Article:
Wealthy Donors Take Advantage of Giving to Unlimited Candidates

The Washington Post notes that "wealthy political contributors have more access than ever to candidates since the ruling in McCutcheon v. Federal Election Commission. More than 300 donors have seized the opportunity, writing checks at such a furious pace that they have exceeded the old limit of $123,200 for this election cycle."

"Together, 310 donors gave a combined $11.6 million more by this summer than would have been allowed before the ruling. Their contributions favored Republican candidates and committees over Democratic ones by 2 to 1."




September 01, 2014


Citizens United Case Helped Elect More Republicans

Washington Post: "The 2010 Supreme Court decision that helped usher in a new era of political spending gave Republicans a measurable advantage on Election Day, according to a new study."

"The advantage isn't large, but it is statistically significant: The researchers found the ruling, in Citizens United v. FEC, was associated with a six percentage-point increase in the likelihood that a Republican candidate would win a state legislative race."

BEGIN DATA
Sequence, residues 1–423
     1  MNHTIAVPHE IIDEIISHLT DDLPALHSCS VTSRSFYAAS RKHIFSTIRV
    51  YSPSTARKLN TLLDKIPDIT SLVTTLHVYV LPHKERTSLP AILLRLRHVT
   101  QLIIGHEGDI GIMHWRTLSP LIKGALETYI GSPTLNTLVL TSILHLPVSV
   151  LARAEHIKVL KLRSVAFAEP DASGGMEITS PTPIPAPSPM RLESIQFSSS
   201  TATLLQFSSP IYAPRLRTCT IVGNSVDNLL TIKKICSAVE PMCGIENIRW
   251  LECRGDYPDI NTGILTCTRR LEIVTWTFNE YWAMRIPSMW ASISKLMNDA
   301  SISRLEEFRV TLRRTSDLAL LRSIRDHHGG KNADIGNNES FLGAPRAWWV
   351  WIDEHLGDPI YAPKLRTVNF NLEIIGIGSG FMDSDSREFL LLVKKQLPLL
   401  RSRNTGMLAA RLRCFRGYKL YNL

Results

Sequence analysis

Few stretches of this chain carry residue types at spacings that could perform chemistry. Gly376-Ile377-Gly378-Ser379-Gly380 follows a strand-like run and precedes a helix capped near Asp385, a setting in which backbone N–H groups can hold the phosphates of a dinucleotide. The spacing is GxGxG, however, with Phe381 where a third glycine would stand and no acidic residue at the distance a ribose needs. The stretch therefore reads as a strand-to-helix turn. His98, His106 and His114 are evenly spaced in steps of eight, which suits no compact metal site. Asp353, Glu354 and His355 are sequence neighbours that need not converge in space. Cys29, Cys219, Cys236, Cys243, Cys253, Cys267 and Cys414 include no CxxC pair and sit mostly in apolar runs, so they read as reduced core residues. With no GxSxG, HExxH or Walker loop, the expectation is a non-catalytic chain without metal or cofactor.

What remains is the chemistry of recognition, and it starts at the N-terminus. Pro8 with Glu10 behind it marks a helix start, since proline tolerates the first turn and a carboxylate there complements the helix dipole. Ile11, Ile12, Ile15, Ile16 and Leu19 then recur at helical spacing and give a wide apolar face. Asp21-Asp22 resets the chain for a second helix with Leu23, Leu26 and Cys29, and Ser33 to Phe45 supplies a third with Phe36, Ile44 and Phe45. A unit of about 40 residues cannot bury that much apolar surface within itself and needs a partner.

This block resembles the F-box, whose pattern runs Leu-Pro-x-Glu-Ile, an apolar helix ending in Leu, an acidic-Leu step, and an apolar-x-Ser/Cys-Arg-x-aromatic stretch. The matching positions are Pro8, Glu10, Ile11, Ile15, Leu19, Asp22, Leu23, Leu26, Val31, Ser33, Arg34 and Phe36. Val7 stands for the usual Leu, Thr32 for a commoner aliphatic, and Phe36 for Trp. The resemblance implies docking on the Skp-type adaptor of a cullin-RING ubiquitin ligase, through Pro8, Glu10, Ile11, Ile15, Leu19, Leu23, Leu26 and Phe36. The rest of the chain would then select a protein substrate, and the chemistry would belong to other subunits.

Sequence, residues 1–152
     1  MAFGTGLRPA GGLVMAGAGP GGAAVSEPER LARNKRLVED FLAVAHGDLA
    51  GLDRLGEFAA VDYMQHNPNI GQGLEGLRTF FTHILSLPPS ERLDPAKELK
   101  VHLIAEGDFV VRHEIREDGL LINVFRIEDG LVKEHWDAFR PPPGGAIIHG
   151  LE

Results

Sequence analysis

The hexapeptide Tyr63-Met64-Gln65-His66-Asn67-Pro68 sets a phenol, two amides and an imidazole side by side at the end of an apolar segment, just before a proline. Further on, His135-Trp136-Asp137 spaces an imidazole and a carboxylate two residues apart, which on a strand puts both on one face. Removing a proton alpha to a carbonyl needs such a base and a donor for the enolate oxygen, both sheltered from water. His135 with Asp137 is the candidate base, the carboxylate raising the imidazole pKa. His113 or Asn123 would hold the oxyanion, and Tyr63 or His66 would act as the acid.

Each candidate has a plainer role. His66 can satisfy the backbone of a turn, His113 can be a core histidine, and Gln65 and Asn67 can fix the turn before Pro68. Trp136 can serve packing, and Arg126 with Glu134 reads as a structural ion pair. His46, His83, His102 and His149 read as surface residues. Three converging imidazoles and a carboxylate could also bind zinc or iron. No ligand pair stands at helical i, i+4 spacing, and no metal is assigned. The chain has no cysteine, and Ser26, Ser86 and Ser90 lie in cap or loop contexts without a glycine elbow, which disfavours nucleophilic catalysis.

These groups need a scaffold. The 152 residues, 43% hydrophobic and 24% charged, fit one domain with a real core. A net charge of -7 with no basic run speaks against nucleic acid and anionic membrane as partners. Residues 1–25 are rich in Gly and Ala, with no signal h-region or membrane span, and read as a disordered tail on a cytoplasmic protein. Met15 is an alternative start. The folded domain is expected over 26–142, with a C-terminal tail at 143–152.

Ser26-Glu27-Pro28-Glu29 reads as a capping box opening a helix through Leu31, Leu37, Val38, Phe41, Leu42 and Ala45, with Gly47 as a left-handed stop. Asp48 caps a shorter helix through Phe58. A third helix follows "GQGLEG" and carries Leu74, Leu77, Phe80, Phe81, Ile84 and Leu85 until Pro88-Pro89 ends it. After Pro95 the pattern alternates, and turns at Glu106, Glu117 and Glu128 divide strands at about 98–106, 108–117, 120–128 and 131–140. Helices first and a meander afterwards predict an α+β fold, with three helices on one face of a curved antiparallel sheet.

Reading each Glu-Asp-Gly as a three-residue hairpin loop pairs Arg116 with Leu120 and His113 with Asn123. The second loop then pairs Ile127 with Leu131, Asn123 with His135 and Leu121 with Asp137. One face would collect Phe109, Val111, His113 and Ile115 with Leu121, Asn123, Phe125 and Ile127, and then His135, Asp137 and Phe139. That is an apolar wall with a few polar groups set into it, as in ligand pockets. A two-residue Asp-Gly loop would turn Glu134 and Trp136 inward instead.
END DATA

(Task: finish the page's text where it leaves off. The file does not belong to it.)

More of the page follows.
"And in six of the most affected states -- Michigan, Minnesota, Montana, North Carolina, Ohio and Tennessee -- the probability that a Republican would be elected to a state legislative seat increased by 10 percentage points or more. In five other states -- Colorado, Iowa, Texas, Wisconsin and Wyoming -- Republican candidates were seven percentage points more likely to win."




House Republicans Don't Expect Government Shutdown

"Almost a year since the last partial government shutdown began, many House Republicans say they have little desire to start another," the Wall Street Journal reports.

"With one month before the government's funding runs out on Sept. 30, Republicans said they expect to pass a short-term spending measure to prevent a high-stakes clash just before November's midterm elections... Several members also said their desire to avoid legislative feuding in September extends to the Export-Import Bank, a federal trade agency that supports U.S. exporters and whose charter expires at month's end."